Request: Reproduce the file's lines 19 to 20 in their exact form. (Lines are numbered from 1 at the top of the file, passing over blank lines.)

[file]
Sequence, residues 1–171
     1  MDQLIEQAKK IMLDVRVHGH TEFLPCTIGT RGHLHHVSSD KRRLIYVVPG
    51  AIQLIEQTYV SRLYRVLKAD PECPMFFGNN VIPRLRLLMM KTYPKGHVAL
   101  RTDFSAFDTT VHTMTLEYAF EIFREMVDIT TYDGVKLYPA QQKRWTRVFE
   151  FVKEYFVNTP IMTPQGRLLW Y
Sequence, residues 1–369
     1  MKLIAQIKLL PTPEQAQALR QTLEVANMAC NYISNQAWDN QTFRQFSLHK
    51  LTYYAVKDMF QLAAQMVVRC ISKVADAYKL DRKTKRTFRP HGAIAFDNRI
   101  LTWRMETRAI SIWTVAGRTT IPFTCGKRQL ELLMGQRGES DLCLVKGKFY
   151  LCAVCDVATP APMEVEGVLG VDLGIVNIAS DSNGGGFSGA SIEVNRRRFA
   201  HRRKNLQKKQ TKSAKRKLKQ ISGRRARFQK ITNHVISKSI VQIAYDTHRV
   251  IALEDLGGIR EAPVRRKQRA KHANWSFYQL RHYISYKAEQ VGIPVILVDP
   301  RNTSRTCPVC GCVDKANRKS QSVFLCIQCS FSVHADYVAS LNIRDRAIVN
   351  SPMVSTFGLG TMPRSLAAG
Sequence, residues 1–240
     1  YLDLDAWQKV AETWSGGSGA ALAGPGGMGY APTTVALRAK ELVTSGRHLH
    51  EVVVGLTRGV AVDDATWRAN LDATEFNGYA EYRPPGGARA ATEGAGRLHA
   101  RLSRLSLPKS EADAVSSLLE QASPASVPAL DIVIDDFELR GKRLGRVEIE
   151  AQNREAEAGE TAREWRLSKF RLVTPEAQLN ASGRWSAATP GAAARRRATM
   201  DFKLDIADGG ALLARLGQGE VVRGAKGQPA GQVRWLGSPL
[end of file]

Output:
   151  AQNREAEAGE TAREWRLSKF RLVTPEAQLN ASGRWSAATP GAAARRRATM
   201  DFKLDIADGG ALLARLGQGE VVRGAKGQPA GQVRWLGSPL